Stringfellow Hawke’s view
AW knew as a club we could not compete with a mere 38,500 capacity stadium, so he encouraged the step up to the Emirates, knowing full well that a few seasons of hands tied on transfer side would ensue, but the overall long-term gain for club was secure.
He agreed to this, confident in his ability to breed a younger, cheaper side and remain competitive.
He succeeded without any shadow of a doubt; I think some struggle with the concept that competitive does not always mean picking up silverware.
AW had hoped the silverware would come as well, but the advent of the chav billions could not have come at a worse time in our history and development.
In the 4 years at the Emirates, we have challenged twice for the title, had a Carling Cup final, and CL and FA cup semis. Not bad at all on the budget.
So in summing up, I think project youth was not entirely forced on him, but it became the almost impossible job due to the 100’s of millions the chavs, the yanks at utd and pool, and the enic crew at spuds have been chucking around since we moved house.
Thankfully, the worst of our reliance on project youth is over and we can now fully compete for big signings, and blend these in with the youth.
The greatest indictment of project youth has obviously been the lack silverware; yet, the conveyor belt of talent that has been established within the football academy is now respectfully talked about all over the world.
Add to that the odd genius (Wilshire anyone) that the academy will produce from time to time and now with the fruits of the Emirates enabling Wenger to go out and add a 30M player to the mix and football utopia is closer than we think my fellow Gooners.
I don’t want to throw cold water on all that optimism especially as I like to think myself an optimist as well. But I do differ, not by much but significantly enough. For example, I don’t believe that Wenger had anything to do with the decision to move to the Emirates. To make my point quickly, I use the crass example that this would be like a manager of McDonalds telling the corporation where they should open the next shop, as hard working as the managers of McDonalds are they have nothing to do with the expansion of that business. Wenger equally would have had nothing to do with the relocation of the ground; those decisions are made exclusively by the board on behalf of the shareholders.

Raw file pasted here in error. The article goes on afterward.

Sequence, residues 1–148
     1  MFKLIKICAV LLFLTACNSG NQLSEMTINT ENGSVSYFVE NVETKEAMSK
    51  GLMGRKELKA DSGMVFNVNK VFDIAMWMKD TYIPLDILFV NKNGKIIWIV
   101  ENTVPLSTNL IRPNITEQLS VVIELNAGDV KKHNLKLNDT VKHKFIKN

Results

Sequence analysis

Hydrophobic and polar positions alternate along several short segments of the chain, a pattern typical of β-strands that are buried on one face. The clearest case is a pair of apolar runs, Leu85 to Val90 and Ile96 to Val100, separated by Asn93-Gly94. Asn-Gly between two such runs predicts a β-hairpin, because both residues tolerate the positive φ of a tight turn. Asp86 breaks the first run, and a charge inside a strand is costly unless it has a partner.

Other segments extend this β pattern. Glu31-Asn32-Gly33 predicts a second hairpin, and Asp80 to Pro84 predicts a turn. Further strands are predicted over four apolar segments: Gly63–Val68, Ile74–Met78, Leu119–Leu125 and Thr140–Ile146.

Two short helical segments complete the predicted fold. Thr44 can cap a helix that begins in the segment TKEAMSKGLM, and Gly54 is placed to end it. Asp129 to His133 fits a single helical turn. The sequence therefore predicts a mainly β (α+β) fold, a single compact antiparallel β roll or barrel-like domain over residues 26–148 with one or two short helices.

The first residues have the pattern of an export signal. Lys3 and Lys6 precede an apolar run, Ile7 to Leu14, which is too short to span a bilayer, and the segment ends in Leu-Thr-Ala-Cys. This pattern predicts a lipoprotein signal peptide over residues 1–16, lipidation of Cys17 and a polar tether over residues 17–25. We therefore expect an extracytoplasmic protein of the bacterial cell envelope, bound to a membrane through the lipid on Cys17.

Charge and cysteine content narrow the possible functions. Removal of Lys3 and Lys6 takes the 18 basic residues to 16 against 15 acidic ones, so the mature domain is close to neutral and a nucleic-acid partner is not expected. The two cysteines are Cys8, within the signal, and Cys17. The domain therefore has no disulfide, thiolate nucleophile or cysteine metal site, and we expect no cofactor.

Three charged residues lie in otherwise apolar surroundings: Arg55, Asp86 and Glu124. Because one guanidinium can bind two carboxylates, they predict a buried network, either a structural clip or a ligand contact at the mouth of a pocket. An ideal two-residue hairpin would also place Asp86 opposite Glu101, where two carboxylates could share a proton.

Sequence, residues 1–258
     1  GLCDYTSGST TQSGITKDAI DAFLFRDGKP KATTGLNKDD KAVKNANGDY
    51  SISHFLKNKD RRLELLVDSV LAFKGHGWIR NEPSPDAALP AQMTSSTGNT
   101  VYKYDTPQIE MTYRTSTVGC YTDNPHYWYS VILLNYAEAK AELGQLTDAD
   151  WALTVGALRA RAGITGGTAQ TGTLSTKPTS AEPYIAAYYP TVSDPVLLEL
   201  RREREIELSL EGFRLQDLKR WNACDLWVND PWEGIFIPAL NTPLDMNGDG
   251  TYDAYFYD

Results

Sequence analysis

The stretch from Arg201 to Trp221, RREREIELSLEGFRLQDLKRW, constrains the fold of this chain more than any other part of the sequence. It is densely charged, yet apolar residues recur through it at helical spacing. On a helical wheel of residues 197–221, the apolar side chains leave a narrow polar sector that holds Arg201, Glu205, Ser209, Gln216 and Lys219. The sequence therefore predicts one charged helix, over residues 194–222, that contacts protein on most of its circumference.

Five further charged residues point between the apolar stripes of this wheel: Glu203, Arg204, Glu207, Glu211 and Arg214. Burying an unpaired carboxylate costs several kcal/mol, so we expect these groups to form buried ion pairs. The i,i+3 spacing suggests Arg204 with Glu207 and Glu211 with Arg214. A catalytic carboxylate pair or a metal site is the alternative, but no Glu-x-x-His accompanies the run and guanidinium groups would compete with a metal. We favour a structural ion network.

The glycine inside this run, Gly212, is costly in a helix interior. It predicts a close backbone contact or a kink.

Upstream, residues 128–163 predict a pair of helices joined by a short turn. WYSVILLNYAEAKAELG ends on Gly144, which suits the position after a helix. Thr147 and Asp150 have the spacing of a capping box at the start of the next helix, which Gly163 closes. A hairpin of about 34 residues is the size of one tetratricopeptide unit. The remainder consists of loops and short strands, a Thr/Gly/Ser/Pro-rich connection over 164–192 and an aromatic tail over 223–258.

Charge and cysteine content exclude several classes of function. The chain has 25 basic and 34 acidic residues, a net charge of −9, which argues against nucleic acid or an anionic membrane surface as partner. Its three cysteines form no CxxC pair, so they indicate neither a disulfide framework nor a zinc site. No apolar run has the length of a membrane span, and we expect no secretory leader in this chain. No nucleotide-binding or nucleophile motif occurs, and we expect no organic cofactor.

I am equally critical of Wenger’s actual involvement in the construction of the training ground; an accolade credited to him by the board for reason that his elevation suited them at the time. If my memory serves correctly the old training facilities burnt down, naturally Wenger would have been asked by the architects what he would like included in the new build, although, no more than that. But to suggest that Wenger walked in and told the board that he wanted a new training ground and somehow designed it himself simply does not ring true?
If you believe, as I do, that Wenger reluctantly accepted project youth then to my knowledge there can only be two reasons for this decision: firstly as SFH suggests above that he agreed with the board to work on a much tighter budget for the first few years of the new stadium. Or, secondly that it was forced upon him by the arrival of Abramovich. Prior to this it is worth remembering that by today’s standards Wenger used to spend money like a drunken sailor or shore leave – the arrival of the Russian billions changed everything.
The Tevez deal in Manchester will be pointed to in years to come as the symbol of when financial power shifted from one side of town to the other. In our case people will look back at the Wright Phillips deal as the point when financial power shifted in London.
Wright Phillips: playing for City at the time started making noises about wanting to come to London; we showed our usual interest but Abramovich sensing an opportunity to make the point trebled his wages and doubled the signing fee, I exaggerate but not by much; the Russian had made it clear that there was a new financial heavy weight on the block.
David Dein said at the time that it was like having a Russian tank land in your front garden and start firing fifty pound notes. There was simply no point in going after the top players because if we showed an interest Chelsea would go after them just to prove a point in the same way as they did with Wright Phillips. Radical change was required to combat this onslaught – and Project youth was formed.
But once this was started it had to be seen to fruition so for example when Wenger said he didn’t want to crush Alex Song’s confidence by bringing in someone more experienced I for one completely understood and still agree.
With the kind of financial imbalance that remains since the Russian’s arrival it is a miracle to me that Wenger has done as well as he has. Project Youth has been designed to outlast Abramovich’s financial strong arm tactics and by the noises he is making now we may just have done that…….the worm is turning again and we are better placed than most.